Noted jazz and pop record producer Thiele offers a chatty autobiography. Aided by record-business colleague Golden, Thiele traces his career from his start as a ``pubescent, novice jazz record producer'' in the 1940s through the '50s, when he headed Coral, Dot, and Roulette Records, and the '60s, when he worked for ABC and ran the famous Impulse! jazz label. At Coral, Thiele championed the work of ``hillbilly'' singer Buddy Holly, although the only sessions he produced with Holly were marred by saccharine strings. The producer specialized in more mainstream popsters like the irrepressibly perky Teresa Brewer (who later became his fourth wife) and the bubble-machine muzak-meister Lawrence Welk. At Dot, Thiele was instrumental in recording Jack Kerouac's famous beat- generation ramblings to jazz accompaniment (recordings that Dot's president found ``pornographic''), while also overseeing a steady stream of pop hits. He then moved to the Mafia-controlled Roulette label, where he observed the ``silk-suited, pinky-ringed'' entourage who frequented the label's offices. Incredibly, however, Thiele remembers the famously hard-nosed Morris Levy, who ran the label and was eventually convicted of extortion, as ``one of the kindest, most warm-hearted, and classiest music men I have ever known.'' At ABC/Impulse!, Thiele oversaw the classic recordings of John Coltrane, although he is the first to admit that Coltrane essentially produced his own sessions. Like many producers of the day, Thiele participated in the ownership of publishing rights to some of the songs he recorded; he makes no apology for this practice, which he calls ``entirely appropriate and without any ethical conflicts.'' A pleasant, if not exactly riveting, memoir that will be of most interest to those with a thirst for cocktail-hour stories of the record biz. (25 halftones, not seen)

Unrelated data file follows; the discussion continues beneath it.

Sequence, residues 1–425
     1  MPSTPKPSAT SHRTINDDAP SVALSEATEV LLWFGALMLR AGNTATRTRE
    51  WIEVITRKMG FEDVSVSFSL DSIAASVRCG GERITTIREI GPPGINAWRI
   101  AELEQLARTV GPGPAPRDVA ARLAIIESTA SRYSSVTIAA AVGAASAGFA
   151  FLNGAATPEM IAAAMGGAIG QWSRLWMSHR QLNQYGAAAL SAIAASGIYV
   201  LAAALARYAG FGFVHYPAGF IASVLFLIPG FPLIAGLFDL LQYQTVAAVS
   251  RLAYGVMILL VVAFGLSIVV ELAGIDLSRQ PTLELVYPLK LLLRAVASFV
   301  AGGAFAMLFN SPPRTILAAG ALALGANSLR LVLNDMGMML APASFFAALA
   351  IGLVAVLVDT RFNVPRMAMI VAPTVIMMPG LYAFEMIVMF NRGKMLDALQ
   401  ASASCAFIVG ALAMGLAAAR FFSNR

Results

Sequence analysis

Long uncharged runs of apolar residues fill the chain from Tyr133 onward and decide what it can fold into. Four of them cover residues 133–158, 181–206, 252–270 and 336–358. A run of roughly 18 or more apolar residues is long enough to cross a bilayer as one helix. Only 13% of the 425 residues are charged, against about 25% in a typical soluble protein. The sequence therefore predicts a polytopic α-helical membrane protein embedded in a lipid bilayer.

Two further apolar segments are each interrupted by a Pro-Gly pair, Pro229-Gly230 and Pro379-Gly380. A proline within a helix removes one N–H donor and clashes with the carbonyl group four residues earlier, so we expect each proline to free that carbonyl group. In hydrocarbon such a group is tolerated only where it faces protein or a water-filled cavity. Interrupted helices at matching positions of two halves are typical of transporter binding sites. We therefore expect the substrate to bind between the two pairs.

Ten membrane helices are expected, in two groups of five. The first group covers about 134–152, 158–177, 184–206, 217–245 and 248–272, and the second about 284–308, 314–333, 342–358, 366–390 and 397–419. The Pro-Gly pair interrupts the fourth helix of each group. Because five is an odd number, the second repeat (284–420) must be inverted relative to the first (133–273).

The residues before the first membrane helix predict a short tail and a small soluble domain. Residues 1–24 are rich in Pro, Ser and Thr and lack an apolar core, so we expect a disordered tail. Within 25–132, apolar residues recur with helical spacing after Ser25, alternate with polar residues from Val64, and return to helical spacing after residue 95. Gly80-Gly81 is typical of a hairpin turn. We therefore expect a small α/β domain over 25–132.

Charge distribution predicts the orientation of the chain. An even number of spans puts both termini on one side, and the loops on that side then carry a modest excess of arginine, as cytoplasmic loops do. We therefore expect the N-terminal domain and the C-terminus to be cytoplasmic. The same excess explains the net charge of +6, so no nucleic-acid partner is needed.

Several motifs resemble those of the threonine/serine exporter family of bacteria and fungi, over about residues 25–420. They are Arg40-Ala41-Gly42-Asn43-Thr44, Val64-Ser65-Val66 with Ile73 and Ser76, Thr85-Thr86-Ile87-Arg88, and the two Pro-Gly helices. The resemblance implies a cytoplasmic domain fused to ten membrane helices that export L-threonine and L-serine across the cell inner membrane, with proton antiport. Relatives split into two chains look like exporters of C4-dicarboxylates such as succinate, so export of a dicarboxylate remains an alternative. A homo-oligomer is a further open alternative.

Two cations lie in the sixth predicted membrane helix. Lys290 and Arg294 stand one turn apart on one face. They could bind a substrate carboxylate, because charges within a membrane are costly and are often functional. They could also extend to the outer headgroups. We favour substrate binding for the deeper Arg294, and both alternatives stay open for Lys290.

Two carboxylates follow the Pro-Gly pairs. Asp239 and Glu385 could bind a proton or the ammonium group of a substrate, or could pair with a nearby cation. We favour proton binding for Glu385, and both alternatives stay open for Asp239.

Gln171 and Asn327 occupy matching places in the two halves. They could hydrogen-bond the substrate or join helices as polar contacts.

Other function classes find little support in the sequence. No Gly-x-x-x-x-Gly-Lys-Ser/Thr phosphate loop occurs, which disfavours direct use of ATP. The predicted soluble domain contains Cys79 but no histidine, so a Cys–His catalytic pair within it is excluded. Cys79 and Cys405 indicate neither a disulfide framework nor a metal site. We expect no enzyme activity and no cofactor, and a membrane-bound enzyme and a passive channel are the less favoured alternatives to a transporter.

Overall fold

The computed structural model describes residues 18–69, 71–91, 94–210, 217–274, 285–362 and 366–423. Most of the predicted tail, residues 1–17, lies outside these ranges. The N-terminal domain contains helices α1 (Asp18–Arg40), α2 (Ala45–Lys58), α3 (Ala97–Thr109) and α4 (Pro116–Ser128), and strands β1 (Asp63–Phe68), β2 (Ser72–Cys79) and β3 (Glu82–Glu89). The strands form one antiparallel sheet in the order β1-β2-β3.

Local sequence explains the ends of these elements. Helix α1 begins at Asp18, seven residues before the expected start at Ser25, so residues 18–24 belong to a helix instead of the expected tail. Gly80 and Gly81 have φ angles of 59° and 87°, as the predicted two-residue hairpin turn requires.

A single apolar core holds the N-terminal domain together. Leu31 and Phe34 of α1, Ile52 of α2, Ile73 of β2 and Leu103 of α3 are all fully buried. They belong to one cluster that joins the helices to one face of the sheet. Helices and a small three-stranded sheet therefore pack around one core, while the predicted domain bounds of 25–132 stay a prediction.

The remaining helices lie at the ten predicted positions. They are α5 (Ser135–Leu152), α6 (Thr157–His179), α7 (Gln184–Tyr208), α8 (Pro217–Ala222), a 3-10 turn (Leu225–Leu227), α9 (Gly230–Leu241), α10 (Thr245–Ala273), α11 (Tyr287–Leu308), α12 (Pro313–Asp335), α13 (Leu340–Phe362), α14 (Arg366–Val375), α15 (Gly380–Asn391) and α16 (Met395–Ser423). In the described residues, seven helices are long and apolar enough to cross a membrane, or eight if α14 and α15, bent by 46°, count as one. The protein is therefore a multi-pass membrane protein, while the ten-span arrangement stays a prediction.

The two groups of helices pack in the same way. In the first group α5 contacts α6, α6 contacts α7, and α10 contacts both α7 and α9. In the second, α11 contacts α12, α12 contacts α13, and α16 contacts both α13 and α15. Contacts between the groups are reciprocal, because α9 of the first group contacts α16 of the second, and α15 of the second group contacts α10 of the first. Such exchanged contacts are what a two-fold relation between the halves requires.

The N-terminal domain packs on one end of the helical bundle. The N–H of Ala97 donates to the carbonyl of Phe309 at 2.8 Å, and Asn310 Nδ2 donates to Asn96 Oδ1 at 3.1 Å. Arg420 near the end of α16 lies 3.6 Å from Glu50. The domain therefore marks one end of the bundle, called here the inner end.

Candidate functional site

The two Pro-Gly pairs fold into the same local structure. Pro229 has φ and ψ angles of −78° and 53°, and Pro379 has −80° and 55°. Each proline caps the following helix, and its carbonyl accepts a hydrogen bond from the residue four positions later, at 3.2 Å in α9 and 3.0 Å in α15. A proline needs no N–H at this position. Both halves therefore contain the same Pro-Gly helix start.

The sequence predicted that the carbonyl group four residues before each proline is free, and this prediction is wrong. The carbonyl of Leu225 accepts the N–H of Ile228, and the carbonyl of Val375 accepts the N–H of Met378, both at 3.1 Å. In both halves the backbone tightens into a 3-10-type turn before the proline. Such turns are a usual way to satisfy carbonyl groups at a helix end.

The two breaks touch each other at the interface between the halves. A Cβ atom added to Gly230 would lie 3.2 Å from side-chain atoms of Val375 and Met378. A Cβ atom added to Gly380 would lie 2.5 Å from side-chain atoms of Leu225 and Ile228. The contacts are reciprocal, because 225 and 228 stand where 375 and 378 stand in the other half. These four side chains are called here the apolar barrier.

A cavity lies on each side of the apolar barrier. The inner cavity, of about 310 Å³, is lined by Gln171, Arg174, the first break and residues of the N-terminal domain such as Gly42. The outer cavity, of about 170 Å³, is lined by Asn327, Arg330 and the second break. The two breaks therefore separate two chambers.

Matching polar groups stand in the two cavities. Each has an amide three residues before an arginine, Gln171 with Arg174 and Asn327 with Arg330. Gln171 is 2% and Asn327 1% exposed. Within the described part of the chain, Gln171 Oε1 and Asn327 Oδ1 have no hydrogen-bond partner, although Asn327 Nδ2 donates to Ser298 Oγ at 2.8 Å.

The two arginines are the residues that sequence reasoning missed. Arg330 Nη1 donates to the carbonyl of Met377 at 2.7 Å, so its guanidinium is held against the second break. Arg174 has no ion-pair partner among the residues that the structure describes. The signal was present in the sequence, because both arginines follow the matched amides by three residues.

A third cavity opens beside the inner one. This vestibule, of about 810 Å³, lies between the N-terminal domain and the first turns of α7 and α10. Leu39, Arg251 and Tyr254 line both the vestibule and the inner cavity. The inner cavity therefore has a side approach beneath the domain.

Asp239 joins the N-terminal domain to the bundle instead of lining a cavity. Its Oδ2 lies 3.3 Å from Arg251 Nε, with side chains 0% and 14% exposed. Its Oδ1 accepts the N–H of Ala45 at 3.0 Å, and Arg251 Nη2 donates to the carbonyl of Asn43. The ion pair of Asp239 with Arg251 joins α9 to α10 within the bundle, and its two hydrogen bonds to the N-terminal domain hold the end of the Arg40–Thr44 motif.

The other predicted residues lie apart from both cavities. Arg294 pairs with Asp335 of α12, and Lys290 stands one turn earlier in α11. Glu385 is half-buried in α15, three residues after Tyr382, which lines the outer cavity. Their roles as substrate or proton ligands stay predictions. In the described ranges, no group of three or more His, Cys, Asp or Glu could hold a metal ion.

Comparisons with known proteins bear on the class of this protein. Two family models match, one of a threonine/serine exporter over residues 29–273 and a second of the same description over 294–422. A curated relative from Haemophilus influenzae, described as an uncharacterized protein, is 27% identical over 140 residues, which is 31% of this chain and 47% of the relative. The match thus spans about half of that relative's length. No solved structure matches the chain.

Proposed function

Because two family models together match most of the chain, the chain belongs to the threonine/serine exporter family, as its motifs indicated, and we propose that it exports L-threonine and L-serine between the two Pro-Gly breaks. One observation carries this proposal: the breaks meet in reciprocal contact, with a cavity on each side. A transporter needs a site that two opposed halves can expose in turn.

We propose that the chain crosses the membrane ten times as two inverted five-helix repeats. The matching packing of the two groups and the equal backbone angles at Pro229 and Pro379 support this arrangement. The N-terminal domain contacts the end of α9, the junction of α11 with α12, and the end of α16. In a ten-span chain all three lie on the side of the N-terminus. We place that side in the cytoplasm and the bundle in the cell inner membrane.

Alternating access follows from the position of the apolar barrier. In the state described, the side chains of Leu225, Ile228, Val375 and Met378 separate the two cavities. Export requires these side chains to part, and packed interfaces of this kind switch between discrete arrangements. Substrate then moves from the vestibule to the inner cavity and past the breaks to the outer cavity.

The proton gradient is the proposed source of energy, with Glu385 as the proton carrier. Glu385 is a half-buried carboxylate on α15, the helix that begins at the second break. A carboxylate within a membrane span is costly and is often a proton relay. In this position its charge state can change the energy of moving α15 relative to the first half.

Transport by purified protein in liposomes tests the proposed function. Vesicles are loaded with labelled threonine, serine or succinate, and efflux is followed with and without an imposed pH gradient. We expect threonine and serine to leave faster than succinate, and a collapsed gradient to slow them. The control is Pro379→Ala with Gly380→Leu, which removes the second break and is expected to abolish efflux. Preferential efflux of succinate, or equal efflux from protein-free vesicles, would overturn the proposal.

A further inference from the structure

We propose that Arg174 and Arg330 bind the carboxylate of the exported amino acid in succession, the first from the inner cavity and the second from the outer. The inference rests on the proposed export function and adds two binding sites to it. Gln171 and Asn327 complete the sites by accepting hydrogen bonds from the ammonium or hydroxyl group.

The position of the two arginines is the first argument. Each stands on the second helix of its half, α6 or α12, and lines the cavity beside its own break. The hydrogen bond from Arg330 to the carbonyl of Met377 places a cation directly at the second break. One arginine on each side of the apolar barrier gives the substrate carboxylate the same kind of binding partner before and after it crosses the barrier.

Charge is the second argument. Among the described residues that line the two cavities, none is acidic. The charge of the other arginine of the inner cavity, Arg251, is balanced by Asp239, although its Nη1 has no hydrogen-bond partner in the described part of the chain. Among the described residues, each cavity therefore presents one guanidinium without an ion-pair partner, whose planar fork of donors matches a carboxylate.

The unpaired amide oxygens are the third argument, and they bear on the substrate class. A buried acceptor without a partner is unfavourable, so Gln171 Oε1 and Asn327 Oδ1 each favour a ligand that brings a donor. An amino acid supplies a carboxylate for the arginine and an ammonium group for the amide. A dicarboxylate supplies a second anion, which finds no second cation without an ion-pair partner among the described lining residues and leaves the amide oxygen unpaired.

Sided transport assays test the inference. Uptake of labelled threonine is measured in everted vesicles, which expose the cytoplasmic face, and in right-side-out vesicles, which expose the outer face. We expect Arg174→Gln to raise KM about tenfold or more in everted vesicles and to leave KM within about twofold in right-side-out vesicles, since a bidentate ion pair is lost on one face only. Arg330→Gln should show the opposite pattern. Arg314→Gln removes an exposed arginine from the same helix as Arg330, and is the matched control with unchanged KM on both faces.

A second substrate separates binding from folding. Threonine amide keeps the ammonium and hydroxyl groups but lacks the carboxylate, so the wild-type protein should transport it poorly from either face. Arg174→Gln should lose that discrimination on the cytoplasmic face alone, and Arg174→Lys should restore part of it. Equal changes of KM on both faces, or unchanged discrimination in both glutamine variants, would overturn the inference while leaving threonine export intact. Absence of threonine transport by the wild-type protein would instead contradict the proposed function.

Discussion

Pub Date: May 1, 1995

ISBN: 0-19-508629-4

Page Count: 224

Publisher: Oxford Univ.

Review Posted Online: May 20, 2010

Kirkus Reviews Issue: March 1, 1995

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MARTIN LUTHER KING, JR. AND THE MARCH ON WASHINGTON

This early reader is an excellent introduction to the March on Washington in 1963 and the important role in the march played by Martin Luther King Jr. Ruffin gives the book a good, dramatic start: “August 28, 1963. It is a hot summer day in Washington, D.C. More than 250,00 people are pouring into the city.” They have come to protest the treatment of African-Americans here in the US. With stirring original artwork mixed with photographs of the events (and the segregationist policies in the South, such as separate drinking fountains and entrances to public buildings), Ruffin writes of how an end to slavery didn’t mark true equality and that these rights had to be fought for—through marches and sit-ins and words, particularly those of Dr. King, and particularly on that fateful day in Washington. Within a year the Civil Rights Act of 1964 had been passed: “It does not change everything. But it is a beginning.” Lots of visual cues will help new readers through the fairly simple text, but it is the power of the story that will keep them turning the pages. (Easy reader. 6-8)

Pub Date: Jan. 1, 2001

ISBN: 0-448-42421-5

Page Count: 48

Publisher: Grosset & Dunlap

Review Posted Online: May 20, 2010

Kirkus Reviews Issue: Dec. 1, 2000